32 years after his arrest, Chia Thye Poh finally regained his complete freedom in November 1998. His lengthy imprisonment as a political prisoner was second only to Nelson Mandala, the former President of South Africa. The lost years spent in dark cells without freedom and threats by the authority failed to weaken Chia Thye Poh’s will and desire to fight for a true parliamentary democracy.
Other Political Prisoners
Another Barisan Sosialis founding member Dr Lim Hock Siew (1931-2012) was the second longest-serving political prisoner after Chia Thye Poh, being detained without trial for twenty years. The son of a fishmonger, Dr Lim Hock Siew showed his early brilliance by graduating from the Raffles Institution and the University of Malaya.
Like other left-wing members of the PAP, Dr Lim Hock Siew left to form Barisan Sosialis in 1961. The 1963 Operation Cold Store had him, along with other Barisan members, arrested. In 1972, the Internal Security Department (ISD) tried, without success, to coerce Dr Lim Hock Siew in giving up his political motives in exchange for his freedom. He was later moved to Pulau Tekong in 1978 to continue the detention.
Dr Lim Hock Siew was finally released in September 1982, after twenty years of detention without trial.
Other suspected anti-colonial or pro-communist figures who were detained without trial included Fong Swee Suan (born 1931), who was held in Kuala Lumpur and Muar for more than four years. Barisan Sosialis’ secretary-general Lim Chin Siong was jailed between 1963 and 1969, before going into an exile in London for ten years. Both did not get involved in politics again, while the others had also long given up their political dreams.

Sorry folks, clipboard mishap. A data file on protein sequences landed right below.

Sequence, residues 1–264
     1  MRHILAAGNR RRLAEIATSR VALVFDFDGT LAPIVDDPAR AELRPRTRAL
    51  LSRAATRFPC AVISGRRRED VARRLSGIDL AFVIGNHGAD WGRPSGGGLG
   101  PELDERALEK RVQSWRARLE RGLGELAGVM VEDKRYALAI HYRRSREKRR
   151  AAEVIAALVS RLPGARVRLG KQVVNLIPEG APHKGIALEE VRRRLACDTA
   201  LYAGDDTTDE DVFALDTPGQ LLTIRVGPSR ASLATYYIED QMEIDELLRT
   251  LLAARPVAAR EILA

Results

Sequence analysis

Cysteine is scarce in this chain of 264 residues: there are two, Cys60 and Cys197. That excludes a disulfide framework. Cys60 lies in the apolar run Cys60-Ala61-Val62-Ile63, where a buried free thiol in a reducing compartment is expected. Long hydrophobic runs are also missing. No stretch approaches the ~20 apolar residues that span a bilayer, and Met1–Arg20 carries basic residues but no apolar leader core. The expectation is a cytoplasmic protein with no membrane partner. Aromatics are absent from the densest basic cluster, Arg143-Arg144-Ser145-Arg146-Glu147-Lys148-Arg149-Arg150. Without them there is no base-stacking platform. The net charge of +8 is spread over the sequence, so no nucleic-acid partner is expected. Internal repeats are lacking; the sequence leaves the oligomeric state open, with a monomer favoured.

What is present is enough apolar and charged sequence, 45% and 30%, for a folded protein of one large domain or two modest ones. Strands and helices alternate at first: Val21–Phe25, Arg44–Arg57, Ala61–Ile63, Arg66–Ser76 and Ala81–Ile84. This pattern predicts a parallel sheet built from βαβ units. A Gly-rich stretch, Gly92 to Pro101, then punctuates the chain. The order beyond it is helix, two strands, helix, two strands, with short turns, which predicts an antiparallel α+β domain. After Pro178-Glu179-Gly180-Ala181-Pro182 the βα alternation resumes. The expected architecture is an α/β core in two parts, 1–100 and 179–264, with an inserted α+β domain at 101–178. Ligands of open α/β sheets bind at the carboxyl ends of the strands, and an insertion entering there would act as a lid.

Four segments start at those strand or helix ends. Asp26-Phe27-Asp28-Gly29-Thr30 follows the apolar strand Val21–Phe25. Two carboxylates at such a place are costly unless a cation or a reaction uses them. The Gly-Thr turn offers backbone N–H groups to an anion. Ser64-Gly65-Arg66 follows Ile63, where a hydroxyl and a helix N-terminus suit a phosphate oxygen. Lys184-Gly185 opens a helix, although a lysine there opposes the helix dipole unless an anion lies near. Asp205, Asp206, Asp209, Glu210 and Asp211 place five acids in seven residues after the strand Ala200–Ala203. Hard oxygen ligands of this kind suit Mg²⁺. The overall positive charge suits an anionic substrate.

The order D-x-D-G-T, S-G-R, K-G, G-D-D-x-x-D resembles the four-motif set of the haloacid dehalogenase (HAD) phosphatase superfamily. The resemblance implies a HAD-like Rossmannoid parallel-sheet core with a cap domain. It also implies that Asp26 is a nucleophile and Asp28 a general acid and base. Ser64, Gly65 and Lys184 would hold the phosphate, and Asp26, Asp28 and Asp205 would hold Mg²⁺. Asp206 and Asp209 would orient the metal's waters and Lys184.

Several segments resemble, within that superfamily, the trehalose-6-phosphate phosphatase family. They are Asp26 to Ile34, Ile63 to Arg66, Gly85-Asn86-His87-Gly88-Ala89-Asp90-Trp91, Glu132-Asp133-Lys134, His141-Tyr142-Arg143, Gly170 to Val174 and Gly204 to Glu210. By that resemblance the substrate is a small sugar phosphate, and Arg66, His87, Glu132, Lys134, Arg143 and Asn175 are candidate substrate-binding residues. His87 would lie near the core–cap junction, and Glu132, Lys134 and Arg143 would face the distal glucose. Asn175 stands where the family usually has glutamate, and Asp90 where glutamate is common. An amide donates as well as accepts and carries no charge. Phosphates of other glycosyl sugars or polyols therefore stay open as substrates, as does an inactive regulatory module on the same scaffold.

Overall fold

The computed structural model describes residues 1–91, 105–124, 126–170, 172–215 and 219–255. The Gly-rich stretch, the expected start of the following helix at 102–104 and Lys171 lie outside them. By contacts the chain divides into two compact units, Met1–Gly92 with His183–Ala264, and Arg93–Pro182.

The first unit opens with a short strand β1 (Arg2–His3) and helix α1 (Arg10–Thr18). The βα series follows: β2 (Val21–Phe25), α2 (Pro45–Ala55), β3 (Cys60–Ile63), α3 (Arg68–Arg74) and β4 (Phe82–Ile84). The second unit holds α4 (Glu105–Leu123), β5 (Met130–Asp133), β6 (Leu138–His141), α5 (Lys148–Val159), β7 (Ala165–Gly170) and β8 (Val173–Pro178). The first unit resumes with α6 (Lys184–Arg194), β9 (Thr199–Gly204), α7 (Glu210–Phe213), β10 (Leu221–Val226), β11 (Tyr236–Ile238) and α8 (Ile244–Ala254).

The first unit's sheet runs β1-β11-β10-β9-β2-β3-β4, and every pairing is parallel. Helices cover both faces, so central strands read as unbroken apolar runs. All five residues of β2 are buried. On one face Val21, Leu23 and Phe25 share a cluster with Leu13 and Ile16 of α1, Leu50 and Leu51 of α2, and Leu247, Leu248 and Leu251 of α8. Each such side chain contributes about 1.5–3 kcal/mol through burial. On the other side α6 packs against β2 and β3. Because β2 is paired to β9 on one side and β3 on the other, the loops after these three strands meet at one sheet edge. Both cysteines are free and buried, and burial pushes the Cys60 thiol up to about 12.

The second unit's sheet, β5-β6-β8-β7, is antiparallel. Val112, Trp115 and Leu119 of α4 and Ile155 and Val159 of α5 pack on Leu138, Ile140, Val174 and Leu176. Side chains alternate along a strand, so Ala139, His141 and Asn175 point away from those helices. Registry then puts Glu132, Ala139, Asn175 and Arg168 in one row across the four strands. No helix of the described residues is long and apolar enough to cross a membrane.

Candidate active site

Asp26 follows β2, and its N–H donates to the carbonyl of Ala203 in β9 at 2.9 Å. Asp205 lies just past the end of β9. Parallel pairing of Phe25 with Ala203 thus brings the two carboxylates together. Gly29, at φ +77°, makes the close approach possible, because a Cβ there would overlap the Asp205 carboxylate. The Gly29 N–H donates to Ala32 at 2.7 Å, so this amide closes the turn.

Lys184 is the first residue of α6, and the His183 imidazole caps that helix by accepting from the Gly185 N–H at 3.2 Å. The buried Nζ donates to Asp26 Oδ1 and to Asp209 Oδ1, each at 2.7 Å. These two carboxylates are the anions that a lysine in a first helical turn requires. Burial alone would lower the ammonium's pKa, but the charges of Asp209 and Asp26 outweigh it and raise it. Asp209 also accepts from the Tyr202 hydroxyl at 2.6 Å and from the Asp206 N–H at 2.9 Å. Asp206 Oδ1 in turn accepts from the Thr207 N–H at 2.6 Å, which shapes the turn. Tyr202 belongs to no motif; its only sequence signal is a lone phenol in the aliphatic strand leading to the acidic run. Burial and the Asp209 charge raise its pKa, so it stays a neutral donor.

Published: 6 June 2012
Courageous for their convictions even if wrong
These men and women in white and blue were known as patriots with a dignified caused.They had received the mass support of the population until then,partizan draconian laws begins to take sides
Never proven to be communists. How can their views be wrong?
They were not wrong.
Dr Lim Hock Siew’s former clinic at Balestier Road, which he set up in 1961 with fellow Barisan Sosialis leader Poh Soo Kai.
I hope that in addition to what has ben written here that thee are others who were associated with these brave people do pen or orally record their contributions and stories, so that we have “both sides” of the story of the “fight ” for an independent and democratic Singapore.
My thinking as a wannabe Singaporean is that these people too are heroes of the nation. They, like their jailers, sacrificed their lives for the country or an idea of it. The Yoruba say, ‘omo to n’iya oun ko ni sun, oun na ko ni f’oju kan orun’ – the child that Is determined its mother will not sleep will itself not sleep. So jailers and jailees serve time but of different kinds. I find it difficult to fathom Singapore’s level of development success had it followed a different political trajectory than the one it did. If it were possible, there ought to be at least one equally successful country to justify the efficacy of such alternative.